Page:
How Do I Change My Name Back When I Get Divorced?

ChangeNameHow Do I Change My Name Back When I Get Divorced?

When you get married, it is customary to take your husband’s last name. In some cases, you may even choose to hyphenate your new and old names to form your new surname. If you later divorce, you may wish to return to using your original last name. If you want to return to the last name you had prior to getting married, you will need to know the steps to take to achieve this change.


Resumption of Pre-Marital Surname

North Carolina law states that a woman whose marriage is dissolved by divorce is allowed to change her last name back to her maiden name, the surname of a deceased prior husband, or the surname of a prior living husband if the woman has children with the same last name. The statute also addresses husbands who wish to change their surnames. The law states that a man “may change the surname he took upon marriage to his pre-marriage surname.” Those are the only circumstances in which a divorced person is allowed to request a name change as part of their divorce.


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Request a Name Change as Part of Your Divorce

The easiest and most efficient way to change your name back to your pre-marital name is to request a name change as part of your divorce. If you are the plaintiff, you should make the request as part of your complaint. If you are the defendant, you should make the request as part of your answer to the complaint.

In this case, the judge will review your request and will make your name change effective when your divorce is finalized. At that time, you will be able to stop using your married name and begin to reuse your original surname or maiden name. You will need a certified copy of the court judgment to prove your name change so you can request changes to your driver’s license, social security card, bank accounts, credit cards, and other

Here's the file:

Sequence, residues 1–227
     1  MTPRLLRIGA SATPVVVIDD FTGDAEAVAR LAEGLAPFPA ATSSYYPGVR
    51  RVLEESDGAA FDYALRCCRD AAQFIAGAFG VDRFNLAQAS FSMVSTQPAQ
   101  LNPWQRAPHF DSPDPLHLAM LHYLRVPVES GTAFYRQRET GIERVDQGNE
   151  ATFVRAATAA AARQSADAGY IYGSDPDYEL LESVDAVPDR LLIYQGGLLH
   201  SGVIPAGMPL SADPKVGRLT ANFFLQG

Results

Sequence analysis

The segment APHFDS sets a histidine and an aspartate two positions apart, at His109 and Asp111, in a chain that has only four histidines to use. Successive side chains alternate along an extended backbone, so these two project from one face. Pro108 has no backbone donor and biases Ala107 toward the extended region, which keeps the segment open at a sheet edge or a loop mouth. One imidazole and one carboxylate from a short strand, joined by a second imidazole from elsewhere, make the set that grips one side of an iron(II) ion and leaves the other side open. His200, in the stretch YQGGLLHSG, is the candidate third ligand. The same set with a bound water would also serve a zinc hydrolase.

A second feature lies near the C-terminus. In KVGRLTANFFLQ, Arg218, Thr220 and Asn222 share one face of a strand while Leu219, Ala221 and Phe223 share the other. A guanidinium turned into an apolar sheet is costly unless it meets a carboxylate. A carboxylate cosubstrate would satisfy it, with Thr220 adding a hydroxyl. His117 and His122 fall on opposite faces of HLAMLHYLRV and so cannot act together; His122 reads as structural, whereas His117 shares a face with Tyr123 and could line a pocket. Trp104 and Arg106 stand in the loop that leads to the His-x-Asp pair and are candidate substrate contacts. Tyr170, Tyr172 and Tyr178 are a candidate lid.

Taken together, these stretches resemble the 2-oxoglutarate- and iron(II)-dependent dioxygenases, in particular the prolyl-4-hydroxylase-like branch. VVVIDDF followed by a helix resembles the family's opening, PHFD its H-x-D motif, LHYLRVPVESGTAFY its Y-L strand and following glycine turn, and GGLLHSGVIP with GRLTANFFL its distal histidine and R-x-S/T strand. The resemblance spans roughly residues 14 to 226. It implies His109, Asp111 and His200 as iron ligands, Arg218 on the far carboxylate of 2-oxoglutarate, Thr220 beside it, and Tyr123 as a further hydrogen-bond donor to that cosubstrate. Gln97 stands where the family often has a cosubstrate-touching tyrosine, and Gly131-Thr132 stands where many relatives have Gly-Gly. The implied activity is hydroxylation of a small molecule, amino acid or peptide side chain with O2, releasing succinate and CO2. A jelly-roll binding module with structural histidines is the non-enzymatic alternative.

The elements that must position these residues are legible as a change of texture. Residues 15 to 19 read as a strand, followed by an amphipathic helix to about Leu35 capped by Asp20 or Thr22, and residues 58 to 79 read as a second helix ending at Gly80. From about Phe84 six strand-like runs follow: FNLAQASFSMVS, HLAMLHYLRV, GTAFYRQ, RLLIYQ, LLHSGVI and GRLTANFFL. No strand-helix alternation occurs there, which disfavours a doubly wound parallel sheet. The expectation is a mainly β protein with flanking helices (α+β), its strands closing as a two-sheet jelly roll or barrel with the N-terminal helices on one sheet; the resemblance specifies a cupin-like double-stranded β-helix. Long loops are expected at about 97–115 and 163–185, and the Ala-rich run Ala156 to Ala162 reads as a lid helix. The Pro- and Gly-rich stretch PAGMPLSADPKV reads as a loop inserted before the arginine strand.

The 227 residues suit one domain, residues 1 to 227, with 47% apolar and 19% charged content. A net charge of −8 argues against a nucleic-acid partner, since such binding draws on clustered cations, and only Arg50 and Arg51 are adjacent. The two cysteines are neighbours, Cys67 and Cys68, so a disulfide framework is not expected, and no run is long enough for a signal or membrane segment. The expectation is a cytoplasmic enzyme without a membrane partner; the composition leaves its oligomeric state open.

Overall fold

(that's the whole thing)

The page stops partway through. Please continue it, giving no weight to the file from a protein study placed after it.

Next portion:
Can I Change My Name Back After the Divorce is Final?

If you failed to request a name change as part of your divorce, and your divorce is final, you are still allowed to change your name. There is a different process in place to change your name. However, you must still meet the legal guidelines for name changes. You must file a petition with the clerk in the county where you live or where your divorce was granted. You will be responsible for any filing fees and court costs associated with the request. The judge will review your request, and as long as you meet the requirements, the judge will grant the order.


Changing your name back to your maiden name or pre-marriage name is best accomplished during the divorce process. You will want to consider whether you wish to change your name before you file or respond to legal divorce filings. Divorce can be challenging, but we can make it easier and less stressful. Contact us today at Arnold & Smith, PLLC, at (704) 370-2828 for a consultation.







The family law practice group at Arnold & Smith, PLLC includes two Board-Certified Family Law specialists and one Child Welfare Law specialist, as well as several attorneys with many years of family law experience that are committed to providing a powerful voice to individuals facing the often-tumultuous issues in this area of law. The range of issues our family law clients may be facing include pre- and post-nuptial agreements; separation agreements; post-separation support; child support (both temporary and permanent); absolute divorce; divorce from bed and board; military divorce; equitable distribution of assets; child custody (both temporary and permanent); retirement benefits and divorce; alimony and spousal support; adoption; and emancipation. Because this area of the law is usually emotionally charged and complicated, the family law attorneys at Arnold & Smith, PLLC act with the utmost dedication to ensure that each client understands his or her options, and then act to achieve the best result possible for that client’s particular situation.



Maiden name Definition & Meaning – Merriam-Webster

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